My first-ever medical mission trip, after 37 years of medical practice, was to Teleman, Alta Verapaz, Guatemala. Prior to the trip, my excitement as an adult-trained rheumatologist was balanced against my apprehension about witnessing new diseases, caring for children and practicing in an austere environment with limited medical resources.
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Explore This IssueJune 2020
As directed by the travel clinic, my immunizations were updated, my clothes sprayed with permethrin insect repellant, the tube of insect cream I carried had over 30% DEET (N,N-diethyl-m-toluamide), and I started atovaquone/proguanil tablets for malaria prophylaxis. My carry-on suitcase and backpack were rechecked and repacked many times before this one-week journey as my itinerary and guidelines were updated.
Welcome to Guatemala
I met my medical team with medical supplies at the George Bush Intercontinental Airport in Houston on March 8, 2020. The two-and-one-half-hour flight to Guatemala City was followed by a wearisome seven-hour bus ride in the rain. We traveled at 30 miles per hour through winding green-topped mountains, many two-lane villages and finally arrived in the valley of our remote destination at nightfall.
The fatigue of the travel did not diminish my excitement. I stepped off the bus and was welcomed by a Guatemalan woman wearing a Villanova University T-shirt; this made me smile because I’ve been a Villanova basketball fan since my childhood in Philadelphia. Shortly after unloading our supplies, we met our hosts for housing.
Arnoldo was my house host and a maestro (teacher) by occupation who lives with his mama. With many shared apologies, we both quickly discovered that my un poquito Spanish was as poor as his English. As the week progressed, we managed Spanish to English translations using our iPhones. It was equally fun for both of us to use iPhone translations for simple, end-of-workday chats. The iPhone translation was especially helpful after I examined his mother in the kitchen with classic Heberden’s and Bouchard’s nodules of her hands and valgus deformities of her knees. As you can imagine, my clinical assessment was way easier than finding the correct verbiage regarding osteoarthritis (OA) and recommendations, including physical therapy.
The rain persisted the following morning at 6 a.m. Our priority was to organize medical supplies for clinic that afternoon and for the many days to follow. The raindrops rhythmically beat the metal roof above our open patio and only a cyclone fence separated us from the yakking of roosters, ducks and hens. Team members spoke above the background noise as we sorted the medications, clothing and toys, bonding over stories, past experiences and laughter. Positive energy was deep-rooted as the 20-person team, including doctors, nurses, dentists, physical therapists, engineers, teachers, students, logisticians, translators and a chaplain, got acquainted.
Each day we traveled in an old, yellow school bus with broken windows to a different small village, passing through flooded areas, rainforests and plantations to establish mobile clinics under the metal roof of a church or in building shells with dirt floors. Our cell phones, without reception, were limited to taking photographs, but this also insulated us from any distractions back home. The verdant landscape and majestic mountains in the background did not hide the nearby images of poverty and shacks.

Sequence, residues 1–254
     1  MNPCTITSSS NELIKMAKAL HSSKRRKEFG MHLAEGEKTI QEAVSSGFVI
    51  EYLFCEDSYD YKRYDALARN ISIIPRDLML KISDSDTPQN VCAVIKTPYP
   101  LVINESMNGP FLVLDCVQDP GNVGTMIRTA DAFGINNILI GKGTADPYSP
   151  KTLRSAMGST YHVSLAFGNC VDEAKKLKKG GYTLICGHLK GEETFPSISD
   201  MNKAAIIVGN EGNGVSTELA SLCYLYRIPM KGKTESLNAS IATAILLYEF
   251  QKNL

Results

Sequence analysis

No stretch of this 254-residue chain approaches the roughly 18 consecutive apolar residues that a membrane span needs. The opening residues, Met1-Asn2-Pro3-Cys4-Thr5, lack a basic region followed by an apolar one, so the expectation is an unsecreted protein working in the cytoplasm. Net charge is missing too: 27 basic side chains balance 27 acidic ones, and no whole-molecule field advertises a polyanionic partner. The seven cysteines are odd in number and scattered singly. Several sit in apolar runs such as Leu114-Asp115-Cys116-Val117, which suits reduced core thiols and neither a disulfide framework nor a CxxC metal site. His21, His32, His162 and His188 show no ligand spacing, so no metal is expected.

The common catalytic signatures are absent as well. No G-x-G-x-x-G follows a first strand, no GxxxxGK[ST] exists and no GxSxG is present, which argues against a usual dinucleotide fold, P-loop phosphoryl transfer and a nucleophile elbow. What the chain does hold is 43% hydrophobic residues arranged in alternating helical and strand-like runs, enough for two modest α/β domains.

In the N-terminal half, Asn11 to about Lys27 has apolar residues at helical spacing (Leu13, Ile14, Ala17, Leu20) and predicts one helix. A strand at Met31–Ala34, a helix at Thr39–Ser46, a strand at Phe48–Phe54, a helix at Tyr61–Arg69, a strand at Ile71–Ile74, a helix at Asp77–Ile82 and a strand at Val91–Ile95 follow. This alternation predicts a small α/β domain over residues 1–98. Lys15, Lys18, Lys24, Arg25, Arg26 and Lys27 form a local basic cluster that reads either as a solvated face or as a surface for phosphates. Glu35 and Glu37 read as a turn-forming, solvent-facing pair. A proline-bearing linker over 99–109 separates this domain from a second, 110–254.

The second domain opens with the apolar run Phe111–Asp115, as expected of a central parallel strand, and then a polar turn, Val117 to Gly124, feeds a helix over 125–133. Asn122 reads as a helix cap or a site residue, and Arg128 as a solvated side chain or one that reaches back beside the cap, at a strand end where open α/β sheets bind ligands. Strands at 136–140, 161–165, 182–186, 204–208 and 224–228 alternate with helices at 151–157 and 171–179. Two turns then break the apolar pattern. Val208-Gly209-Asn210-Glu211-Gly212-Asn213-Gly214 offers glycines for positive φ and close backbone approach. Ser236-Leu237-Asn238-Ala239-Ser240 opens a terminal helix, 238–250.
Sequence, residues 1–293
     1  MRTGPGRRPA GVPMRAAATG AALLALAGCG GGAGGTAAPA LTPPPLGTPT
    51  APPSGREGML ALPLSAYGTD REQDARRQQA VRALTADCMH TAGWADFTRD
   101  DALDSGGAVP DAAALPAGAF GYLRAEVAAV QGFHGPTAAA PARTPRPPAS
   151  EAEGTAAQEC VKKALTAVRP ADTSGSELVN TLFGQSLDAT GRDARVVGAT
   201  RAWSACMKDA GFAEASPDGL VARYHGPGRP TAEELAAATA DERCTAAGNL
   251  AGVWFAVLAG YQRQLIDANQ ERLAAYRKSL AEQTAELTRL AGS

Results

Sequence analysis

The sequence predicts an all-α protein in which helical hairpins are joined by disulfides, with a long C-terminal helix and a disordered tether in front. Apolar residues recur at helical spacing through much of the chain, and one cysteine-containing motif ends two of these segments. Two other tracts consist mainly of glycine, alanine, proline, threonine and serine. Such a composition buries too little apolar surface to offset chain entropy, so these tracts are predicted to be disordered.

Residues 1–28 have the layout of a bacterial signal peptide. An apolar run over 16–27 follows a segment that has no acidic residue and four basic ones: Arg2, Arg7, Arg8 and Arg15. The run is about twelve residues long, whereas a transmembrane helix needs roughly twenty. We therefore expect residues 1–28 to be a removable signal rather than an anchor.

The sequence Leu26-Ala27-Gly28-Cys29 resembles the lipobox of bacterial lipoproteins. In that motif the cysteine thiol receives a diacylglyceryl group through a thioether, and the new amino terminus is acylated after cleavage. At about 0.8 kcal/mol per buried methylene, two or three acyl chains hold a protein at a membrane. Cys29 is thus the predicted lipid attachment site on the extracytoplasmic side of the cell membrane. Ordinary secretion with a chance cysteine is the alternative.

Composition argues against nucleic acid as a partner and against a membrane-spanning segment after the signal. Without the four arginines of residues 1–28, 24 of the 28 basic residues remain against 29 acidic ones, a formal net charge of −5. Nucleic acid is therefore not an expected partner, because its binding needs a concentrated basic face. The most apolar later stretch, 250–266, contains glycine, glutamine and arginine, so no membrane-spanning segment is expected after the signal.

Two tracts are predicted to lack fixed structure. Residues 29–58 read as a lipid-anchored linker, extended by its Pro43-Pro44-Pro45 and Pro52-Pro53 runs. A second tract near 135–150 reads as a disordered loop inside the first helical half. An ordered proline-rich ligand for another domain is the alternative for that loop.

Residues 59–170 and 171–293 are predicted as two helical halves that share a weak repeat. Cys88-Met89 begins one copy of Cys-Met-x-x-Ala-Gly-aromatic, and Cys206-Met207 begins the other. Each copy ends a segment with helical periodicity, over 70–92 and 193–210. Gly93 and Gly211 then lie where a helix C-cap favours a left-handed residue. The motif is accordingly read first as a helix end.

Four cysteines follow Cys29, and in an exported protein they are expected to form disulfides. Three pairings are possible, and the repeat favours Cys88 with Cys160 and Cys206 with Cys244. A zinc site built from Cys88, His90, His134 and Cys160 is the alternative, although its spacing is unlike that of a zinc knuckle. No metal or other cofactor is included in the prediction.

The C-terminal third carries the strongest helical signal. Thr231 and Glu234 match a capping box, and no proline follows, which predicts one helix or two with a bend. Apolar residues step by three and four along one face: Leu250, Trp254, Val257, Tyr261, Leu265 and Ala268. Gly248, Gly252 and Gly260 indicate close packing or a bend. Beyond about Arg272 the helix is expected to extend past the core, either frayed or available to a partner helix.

Small-statured adults standing in never-ending lines waited patiently to be seen, even after walking for hours to present their chief complaint. It was rare to see anyone smoking any form of tobacco. All of the patients respectfully arrived well groomed, despite their long travels. Most women wore colorful skirts and sandals, sometimes a flashy rosary hung from a woman’s neck as if it were a piece of jewelry. Their Mayan features were distinct, with dark eyes, some with sleepy eyelids, high cheekbones and straight, black hair. My own fair skin, blue eyes and gray-white hair was a contrast for the babies in my arms, who curiously tugged my hair and white goatee. The children appeared so innocent and adorable. Patients were usually accompanied by at least three well-behaved children, with the oldest clearly assisting mom with the clan. Children ran around, happily playing simple games as if they were in a city park.
The demeanor of each patient was generally very pleasant, respectful, yet stoic. Each adult patient carried a clinical paper to their exam station with their first name, age and, sometimes, a chief complaint. I celebrated every person’s introduction by calling their traditional Spanish names; each one responded with a wide smile, often correcting my pronunciation.
Not until the initial clinic did I realize we needed two translators for each patient. My English questions were translated into Spanish for the bilingual Spanish/Mayan translator who ultimately interviewed the patient in Q’eqchi (pronounced kekchi) and translated the responses back, in reverse, for each patient encounter.
After thorough, back-and-forth translated interviews regarding complaints or concerns, I was able to focus on my examination. Like in Texas, children and adults had common infections, but scabies, parasites and poor dentition were common, too. Overuse syndromes and OA were frequently seen, consistent with their demanding farming and physical lifestyles. Occasional soft tissue injections were necessary.
To my surprise, not one patient over five days of clinic had inflammatory joints, rheumatoid arthritis (RA) or rheumatic fever.